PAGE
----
Monday, 1 August 2011
Essex Skippers (Thymelicus lineola) in Derbyshire
Over recent years Essex Skippers have gradually spread northwards through England and are now well established in Derbyshire. A visit today to a locality near Willington provided an opportunity to compare the Essex Skipper with the very similar Small Skipper. This was at a large rough grassy field, ideal skipper habitat, with flowering thistles, ragwort, willowherb, clovers and much else. Essex Skippers emerge slightly later in the season than Small Skippers and here they outnumbered the latter by a ratio of at least 3 to 1.
[Skipper field at Willington]
The two species are very similar both in appearance and in habit and are difficult to separate unless a very close view can be gained. The easiest distinguishing character is that the Essex is black on the underside of the antenna clubs, whereas in the Small this is brown-orange. Another difference is that the male Essex has a short line of dark scent scales on the upperside of the forewing which runs parallel to the wing's edge. In the Small Skipper this line is longer and curves slightly away from the wing's edge towards the abdomen. Photos showing these main distinguishing characters along with more general ones of the Essex Skippers are below.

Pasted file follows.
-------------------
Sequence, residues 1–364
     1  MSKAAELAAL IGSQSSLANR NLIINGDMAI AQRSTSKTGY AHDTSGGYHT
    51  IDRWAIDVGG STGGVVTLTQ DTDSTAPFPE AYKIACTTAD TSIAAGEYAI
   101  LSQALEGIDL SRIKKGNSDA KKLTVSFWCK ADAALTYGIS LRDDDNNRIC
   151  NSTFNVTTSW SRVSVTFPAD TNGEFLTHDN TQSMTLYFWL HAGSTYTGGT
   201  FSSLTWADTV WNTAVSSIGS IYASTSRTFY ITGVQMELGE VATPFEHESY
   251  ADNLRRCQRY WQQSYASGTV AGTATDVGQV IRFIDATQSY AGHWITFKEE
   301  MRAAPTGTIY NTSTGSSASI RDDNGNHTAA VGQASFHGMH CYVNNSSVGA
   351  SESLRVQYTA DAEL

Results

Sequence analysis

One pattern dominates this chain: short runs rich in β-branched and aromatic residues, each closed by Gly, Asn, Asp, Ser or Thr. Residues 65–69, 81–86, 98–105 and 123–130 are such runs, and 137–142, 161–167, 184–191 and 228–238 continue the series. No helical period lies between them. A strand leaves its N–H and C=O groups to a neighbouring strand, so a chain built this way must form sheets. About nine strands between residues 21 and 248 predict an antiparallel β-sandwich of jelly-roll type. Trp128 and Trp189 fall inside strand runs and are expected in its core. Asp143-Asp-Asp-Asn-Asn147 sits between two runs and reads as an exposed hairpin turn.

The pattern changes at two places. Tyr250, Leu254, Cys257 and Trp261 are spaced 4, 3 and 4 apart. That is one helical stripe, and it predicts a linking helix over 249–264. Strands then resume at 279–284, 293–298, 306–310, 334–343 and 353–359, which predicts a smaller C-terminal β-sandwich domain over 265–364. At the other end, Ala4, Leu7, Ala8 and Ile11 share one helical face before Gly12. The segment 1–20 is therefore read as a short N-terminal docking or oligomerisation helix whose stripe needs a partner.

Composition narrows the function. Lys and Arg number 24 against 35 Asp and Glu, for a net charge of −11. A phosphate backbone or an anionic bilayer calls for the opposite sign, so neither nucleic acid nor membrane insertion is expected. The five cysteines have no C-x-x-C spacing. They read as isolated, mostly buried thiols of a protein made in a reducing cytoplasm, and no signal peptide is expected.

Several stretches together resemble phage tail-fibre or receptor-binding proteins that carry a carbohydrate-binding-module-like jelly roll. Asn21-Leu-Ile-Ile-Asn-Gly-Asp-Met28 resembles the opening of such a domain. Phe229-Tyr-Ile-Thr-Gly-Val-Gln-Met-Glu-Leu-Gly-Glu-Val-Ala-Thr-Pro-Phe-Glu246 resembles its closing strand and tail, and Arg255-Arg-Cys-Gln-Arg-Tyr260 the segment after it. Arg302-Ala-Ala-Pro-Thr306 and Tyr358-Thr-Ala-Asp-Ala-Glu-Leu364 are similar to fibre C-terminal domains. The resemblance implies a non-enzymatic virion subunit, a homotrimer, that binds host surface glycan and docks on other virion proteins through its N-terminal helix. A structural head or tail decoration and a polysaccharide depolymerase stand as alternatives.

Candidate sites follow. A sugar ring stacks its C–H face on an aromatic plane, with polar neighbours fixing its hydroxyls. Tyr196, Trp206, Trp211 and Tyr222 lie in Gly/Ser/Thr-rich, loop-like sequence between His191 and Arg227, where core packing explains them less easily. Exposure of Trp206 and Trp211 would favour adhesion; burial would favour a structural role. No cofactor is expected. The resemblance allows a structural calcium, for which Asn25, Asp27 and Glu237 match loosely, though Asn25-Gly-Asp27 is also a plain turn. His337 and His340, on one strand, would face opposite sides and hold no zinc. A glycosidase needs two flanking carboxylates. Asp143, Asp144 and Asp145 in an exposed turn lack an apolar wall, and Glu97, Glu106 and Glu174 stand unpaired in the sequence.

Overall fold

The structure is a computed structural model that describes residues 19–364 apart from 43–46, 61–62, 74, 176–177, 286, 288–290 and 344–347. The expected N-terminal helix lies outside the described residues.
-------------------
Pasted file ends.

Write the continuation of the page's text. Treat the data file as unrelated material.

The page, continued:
[Essex Skipper showing black on the underside of the antenna clubs]
[Essex Skipper (male) showing the short dark scent scale line running parallel to the forewing edge]
[Small Skipper showing orange-brown on the underside of the antenna clubs]
[Small Skipper (male) showing the longer dark curved scent scale line slightly diverging from the forewing edge]
A few more Essex Skippers photos are below.